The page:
Your Podiatrist at
High Blood Pressure
The podiatrist and cardiovascular ailments
As a member of the health care team, your podiatrist is vitally concerned about hypertension (high blood pressure) and vascualr disease (heart and circulatory problems).
There are several reasons for this concern. First, because you are a patient, your podiatrist is interested in all aspects of your health and your treatment program. Second, your podiatrist supports the goals of high blood pressure detection, treatment, and control. Your podiatrist should know if you have any of the following cardiovascualr or related conditions.
Hypertension and/or cardiovascular disease -- Hypertension sometimes causes decreased circulation. A careful examination is required to determine if there is lower than normal temprature in any of the extremities, or absence of normal skin colofation, or diminished pulse in the feet. The concern here is that these are signs of arterial insurriciency (reduced blood flow). Increased or periodic swelling in the lower extremities is important because it amy mean that hypertension jhas contributed to heart disease.
Rheumatic heart disease -- Persons who have had rheumatic heart disease must be protected with prophylactic antibiotics prior to any surgical intervention. If you take medication for this condietion, tell your podiatrist. Any medication you may be taking for high blood pressure, a heart condition, or any other reason should be reported to the podiatrist to ensure that it does not conflict with medication that might be prescribed in the treatment of your feet.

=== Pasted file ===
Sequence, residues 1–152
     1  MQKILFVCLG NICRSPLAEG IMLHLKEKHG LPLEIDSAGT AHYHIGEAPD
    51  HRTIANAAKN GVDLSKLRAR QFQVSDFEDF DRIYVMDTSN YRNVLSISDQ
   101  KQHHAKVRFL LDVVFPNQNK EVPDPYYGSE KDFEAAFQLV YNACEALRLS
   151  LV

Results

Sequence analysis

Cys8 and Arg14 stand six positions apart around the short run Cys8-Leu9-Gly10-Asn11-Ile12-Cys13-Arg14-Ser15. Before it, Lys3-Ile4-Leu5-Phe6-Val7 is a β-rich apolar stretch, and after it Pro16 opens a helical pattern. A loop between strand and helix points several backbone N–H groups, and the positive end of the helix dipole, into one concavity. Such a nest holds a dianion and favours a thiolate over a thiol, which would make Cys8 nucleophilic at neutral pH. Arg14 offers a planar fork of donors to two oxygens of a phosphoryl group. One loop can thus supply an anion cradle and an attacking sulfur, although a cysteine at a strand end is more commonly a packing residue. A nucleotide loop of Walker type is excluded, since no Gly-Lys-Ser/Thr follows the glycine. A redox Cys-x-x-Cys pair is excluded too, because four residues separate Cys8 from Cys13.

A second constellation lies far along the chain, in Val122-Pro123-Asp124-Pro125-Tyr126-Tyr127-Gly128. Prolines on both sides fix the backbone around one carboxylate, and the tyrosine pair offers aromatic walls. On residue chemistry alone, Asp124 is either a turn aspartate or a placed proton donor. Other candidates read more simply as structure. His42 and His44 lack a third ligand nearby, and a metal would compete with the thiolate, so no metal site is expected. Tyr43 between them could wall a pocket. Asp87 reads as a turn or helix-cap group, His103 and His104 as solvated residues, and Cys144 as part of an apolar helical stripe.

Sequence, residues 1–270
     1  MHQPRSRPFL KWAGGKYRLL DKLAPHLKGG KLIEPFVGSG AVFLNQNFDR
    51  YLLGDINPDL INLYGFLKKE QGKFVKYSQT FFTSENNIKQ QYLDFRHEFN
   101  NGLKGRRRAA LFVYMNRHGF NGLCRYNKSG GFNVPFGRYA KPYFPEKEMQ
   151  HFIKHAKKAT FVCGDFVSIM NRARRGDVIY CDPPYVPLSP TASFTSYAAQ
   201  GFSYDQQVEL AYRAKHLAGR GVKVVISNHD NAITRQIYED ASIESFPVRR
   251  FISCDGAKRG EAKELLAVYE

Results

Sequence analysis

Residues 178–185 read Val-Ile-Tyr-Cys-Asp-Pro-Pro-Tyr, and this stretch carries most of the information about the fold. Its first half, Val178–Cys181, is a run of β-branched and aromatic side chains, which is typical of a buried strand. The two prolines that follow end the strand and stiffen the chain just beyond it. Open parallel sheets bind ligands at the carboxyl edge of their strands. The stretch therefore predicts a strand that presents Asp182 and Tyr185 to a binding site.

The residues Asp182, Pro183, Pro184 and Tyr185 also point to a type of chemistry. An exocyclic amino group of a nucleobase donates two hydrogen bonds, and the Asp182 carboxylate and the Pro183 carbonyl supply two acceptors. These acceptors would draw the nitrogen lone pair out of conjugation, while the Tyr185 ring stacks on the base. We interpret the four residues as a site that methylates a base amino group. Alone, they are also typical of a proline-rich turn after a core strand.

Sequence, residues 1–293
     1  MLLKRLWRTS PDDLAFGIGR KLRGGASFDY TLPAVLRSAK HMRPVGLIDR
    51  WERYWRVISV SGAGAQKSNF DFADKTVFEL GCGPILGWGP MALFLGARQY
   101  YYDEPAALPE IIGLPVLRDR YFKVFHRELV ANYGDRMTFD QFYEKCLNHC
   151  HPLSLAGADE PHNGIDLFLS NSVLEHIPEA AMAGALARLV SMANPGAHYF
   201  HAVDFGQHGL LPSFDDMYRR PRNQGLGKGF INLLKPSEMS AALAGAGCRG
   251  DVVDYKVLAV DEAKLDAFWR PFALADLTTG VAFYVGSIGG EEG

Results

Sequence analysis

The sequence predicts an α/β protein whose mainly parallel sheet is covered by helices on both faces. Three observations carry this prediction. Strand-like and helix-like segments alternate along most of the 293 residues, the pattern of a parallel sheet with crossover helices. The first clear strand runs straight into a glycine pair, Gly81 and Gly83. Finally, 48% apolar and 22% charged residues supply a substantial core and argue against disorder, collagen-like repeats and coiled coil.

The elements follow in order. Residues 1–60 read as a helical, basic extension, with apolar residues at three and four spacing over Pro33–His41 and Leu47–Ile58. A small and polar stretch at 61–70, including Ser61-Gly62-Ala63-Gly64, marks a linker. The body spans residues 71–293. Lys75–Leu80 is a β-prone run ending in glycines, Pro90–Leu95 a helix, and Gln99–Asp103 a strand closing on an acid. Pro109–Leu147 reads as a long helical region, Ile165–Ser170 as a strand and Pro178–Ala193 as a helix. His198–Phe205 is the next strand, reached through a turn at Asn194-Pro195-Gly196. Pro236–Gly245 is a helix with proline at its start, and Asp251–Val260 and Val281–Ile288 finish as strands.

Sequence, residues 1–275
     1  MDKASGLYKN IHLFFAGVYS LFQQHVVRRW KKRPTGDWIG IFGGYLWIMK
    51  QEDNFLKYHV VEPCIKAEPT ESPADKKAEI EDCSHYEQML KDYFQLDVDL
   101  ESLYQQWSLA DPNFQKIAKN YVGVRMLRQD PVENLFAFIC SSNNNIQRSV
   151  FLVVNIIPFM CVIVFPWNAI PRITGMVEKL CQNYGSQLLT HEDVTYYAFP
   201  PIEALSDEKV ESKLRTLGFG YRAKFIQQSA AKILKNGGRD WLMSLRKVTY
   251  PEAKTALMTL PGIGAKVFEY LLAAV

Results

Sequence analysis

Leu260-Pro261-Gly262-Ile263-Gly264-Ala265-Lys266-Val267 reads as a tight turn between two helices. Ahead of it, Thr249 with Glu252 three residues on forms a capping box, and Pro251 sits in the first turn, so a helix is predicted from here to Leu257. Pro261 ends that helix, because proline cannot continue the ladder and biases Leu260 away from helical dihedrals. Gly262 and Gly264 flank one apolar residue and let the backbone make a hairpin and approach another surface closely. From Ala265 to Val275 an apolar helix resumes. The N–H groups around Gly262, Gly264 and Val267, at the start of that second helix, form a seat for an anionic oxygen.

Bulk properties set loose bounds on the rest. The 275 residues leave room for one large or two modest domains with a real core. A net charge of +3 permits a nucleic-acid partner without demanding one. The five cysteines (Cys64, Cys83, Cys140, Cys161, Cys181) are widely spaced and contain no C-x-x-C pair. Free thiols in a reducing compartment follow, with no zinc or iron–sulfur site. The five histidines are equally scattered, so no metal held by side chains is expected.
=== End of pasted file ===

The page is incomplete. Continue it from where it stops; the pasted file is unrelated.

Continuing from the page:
Diabetes -- This condition frequently affects the smaller arteries, resulting in diminished circulation and decreased sensation in the extremities. Let your podiatrist know if you have ever been told that you have diabetes, partifularly if you are taking medication or insulin for this condition.
Ulceration -- Open sores that do not heal or heal very slowley may be symptoms of certain anemias, including sickle cell disease. Or they may be due to hypertention or ecertain inflammatory conditions of the blood vessels. Your podiatrist is ont he alert for such conditions, but be sure to mention if you have ever had this problem.
Swollen Feet -- Persistent swelling of one or both feet may be due to kidney, heart, or circulatory problems.
Burning Feet -- Although it can have a number or causes, a burning sensation of the feet is frequently caused by diminished circulation.
Control of High Blood Pressure --
High blood pressure is a major risk factor for cardiovascular disease. Uncontrolled high blood pressure can cause fatal strokes and heart disease. As a health care provider, your podiatrist assists in controlling this public health problem.
There are three major areas in which he or she provides this important public service:
Detection -- The podiatrist routinely takes every patient's blood pressure and determines if it is elevated.
Treatment -- After confirming that blood pressure is elevated, and making this information part of each patient's record, the podiatrist refers all patients with elevated blood pressure to their physicians for evaluation, diagnosis, and treatment.
Long-Term Control -- By encouraging patients during every visit to adhere to treatment, and by monitoring reductions in blood pressure, side effects of treatment, and referring for re-evaluation as needed, the podiatrist facilitates long-term control.